What is multiple myeloma?

Multiple myeloma is a blood cancer (malignancy) of plasma cells where the body makes too many cancerous and more or less identical plasma cells.

The physicians at the Colorado Blood Cancer Institute (CBCI) specialize in the care of patients with multiple myeloma, amyloidosis and related plasma cell disorders and see only those kinds of patients.

The Colorado Blood Cancer Institute (CBCI) physicians are at the forefront of developing and testing new treatments for multiple myeloma.

Our physician team, led by co-directors Dr. Jeffrey Matous and Dr. Tara Gregory, is nationally recognized for their work and leadership in myeloma and amyloidosis treatment and research. We care for patients at every stage of the disease -- from MGUS to smoldering myeloma and all phases of myeloma requiring treatment -- the newly diagnosed patient, patients requiring transplants, patients with relapsed myeloma and those in need or interested in clinical trials.

We have transplanted more than 1000 myeloma patients making us the largest myeloma treatment program in our region. We work with other regional cancer specialists, coordinating care and providing second opinions. For amyloidosis patients, we have access to the most innovative clinical trials and specialized expertise in this rare disease.

Most, if not all, patients who develop myeloma have a pre-myeloma condition known as MGUS (monoclonal gammopathy of undetermined significance). MGUS is quite common, especially in older people where as many as three to five percent of people over 70-80 years have it. MGUS usually does not turn into myeloma. People with MGUS have roughly a one percent per year risk of developing myeloma. However, virtually all patients with myeloma had MGUS before, but most probably did not know it. There is no treatment for MGUS, however it should be monitored on a regular basis by a physician.

Multiple myeloma treatment options

Many different types of treatment are available for patients with multiple myeloma. The treatments are changing nearly every year with advances in knowledge from clinical research. Unfortunately, multiple myeloma is still felt, with rare exception, to be an incurable cancer. However, in most cases, it is highly treatable. Twenty to thirty years ago, half of all people diagnosed with myeloma were dead by 30 months. Now, most patients (except for those patients diagnosed with particularly nasty and aggressive forms of myeloma) are living much longer, often more than eight to 10 years. Clinical trials are underway to improve current treatments and develop new treatments. The prognosis (chances of recovery) and treatment options depend on the patient's age, the disease's stage, the chromosome changes, and the patient’s general health and symptoms.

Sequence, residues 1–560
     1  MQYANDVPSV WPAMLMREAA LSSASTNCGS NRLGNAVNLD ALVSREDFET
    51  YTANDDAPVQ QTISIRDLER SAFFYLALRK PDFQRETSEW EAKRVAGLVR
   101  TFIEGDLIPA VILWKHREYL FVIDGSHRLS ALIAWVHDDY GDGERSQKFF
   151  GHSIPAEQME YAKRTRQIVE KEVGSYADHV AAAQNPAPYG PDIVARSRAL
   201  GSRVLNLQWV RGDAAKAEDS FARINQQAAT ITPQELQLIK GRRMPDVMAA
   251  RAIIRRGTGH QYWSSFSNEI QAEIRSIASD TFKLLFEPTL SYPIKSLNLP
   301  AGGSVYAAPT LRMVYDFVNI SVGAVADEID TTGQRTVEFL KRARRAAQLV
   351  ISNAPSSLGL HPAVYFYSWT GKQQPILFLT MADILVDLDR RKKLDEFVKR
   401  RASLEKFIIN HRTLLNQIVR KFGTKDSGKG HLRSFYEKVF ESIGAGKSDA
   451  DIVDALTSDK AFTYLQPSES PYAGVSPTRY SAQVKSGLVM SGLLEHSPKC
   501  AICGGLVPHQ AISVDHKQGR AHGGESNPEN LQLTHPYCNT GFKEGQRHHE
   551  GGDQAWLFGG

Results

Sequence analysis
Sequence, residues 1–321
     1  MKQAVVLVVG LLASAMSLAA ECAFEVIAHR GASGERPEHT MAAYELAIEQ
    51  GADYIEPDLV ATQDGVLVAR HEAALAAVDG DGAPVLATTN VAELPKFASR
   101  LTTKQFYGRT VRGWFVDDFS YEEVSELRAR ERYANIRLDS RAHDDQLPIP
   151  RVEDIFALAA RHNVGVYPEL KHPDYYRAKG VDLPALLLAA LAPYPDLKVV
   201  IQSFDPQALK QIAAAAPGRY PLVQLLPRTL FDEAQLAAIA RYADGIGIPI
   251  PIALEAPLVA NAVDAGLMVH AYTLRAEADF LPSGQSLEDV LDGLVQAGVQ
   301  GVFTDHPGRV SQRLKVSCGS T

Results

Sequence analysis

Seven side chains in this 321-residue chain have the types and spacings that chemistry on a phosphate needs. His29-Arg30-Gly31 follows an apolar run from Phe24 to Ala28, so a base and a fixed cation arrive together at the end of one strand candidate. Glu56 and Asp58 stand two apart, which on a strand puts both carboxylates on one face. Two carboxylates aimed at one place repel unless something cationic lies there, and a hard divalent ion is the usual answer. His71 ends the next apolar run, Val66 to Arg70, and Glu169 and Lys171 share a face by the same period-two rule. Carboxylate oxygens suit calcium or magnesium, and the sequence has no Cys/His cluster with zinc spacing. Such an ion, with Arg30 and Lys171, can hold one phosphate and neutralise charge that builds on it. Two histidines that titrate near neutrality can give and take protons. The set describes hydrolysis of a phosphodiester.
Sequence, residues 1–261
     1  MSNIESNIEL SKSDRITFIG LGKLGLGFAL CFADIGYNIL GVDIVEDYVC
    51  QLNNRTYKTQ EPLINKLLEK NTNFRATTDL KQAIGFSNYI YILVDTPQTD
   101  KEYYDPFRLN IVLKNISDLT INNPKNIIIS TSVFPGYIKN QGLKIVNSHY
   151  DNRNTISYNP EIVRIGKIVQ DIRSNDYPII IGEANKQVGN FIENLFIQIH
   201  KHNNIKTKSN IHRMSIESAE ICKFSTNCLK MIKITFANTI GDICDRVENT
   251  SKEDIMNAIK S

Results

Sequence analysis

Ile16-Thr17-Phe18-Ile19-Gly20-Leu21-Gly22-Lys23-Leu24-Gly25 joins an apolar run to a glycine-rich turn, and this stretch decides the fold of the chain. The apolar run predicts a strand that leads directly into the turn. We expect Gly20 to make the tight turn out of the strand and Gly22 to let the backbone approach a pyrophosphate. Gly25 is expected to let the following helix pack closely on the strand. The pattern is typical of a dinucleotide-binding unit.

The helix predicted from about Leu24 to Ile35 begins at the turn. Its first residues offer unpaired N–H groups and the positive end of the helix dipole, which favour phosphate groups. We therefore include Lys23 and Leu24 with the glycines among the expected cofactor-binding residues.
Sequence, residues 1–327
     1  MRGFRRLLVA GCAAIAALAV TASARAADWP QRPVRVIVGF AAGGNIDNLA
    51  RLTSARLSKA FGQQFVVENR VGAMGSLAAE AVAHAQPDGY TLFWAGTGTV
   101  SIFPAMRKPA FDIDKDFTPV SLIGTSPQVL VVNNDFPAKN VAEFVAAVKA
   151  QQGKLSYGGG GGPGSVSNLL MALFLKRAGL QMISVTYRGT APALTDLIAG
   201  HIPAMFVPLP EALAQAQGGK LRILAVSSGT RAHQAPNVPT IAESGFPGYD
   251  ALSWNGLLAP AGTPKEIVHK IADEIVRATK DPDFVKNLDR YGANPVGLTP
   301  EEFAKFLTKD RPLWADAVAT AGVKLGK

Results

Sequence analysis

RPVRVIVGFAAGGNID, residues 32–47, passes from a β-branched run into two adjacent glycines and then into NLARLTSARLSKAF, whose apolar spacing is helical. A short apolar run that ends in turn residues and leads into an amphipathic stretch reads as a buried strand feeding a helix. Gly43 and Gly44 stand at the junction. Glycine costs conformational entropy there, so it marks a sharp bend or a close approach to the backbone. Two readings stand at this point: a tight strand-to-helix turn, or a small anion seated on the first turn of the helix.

The myeloma program at CBCI has been directly involved in developing and approving virtually all the most important myeloma treatments through clinical trials.

Standard treatments for multiple myeloma:

  • We do not treat MGUS.
  • Smoldering or asymptomatic myeloma is only treated in clinical trials since we do not know if treatment really is necessary.
  • We treat ALL patients with symptomatic myeloma with chemotherapy
  • Five new drugs (idecabtagene vicleucel, ciltacabtagene autoleucel, teclistamab, erlantamab, talquetamab) have been FDA approved since 2020 as well as new combinations of previously available therapies.
  • There are many different types and combinations of chemotherapy, and treatment is usually tailored to the patient
  • Younger, more vigorous patients are often treated differently than older or more frail patients
  • Bone strengthening medicines are very often used (pamidronate, zoledronic acid)
  • High-dose chemotherapy with autologous transplantation is used in more vigorous patients, often after the first several months of standard chemotherapy, and remain a standard treatment
  • Allogeneic transplants (using donor cells, more aggressive and potentially dangerous, but can be highly effective is sometimes offered to younger patients)
  • Radiation therapy to bone lesions
  • Kyphoplasty for compression fractures of the spine
  • Plasmapheresis for a few patients with severe kidney problems

Clinical trials testing new treatments and new chemotherapy drugs are very important. CBCI is proud to offer eligible patients the opportunity to enroll in clinical trials and can be discussed with your physician at CBCI.

What sets CBCI apart from the rest?

  • More than 150 combined years of experience
  • Clinical trials
  • Pathways for treatment
  • Pharmacy services
  • Primary navigator
  • Nutrition services
  • Psychosocial support services

Conditions we treat:

  • Amyloidosis
  • Newly diagnosed myeloma
  • Relapsed myeloma
  • Smoldering myeloma
  • MGUS (Monoclonal gammopathy of undetermined significance)
  • Light-chain deposition disease
  • Second opinions

To schedule an appointment to see one of our experts, call (720) 754-4835

Support groups for multiple myeloma and amyloidosis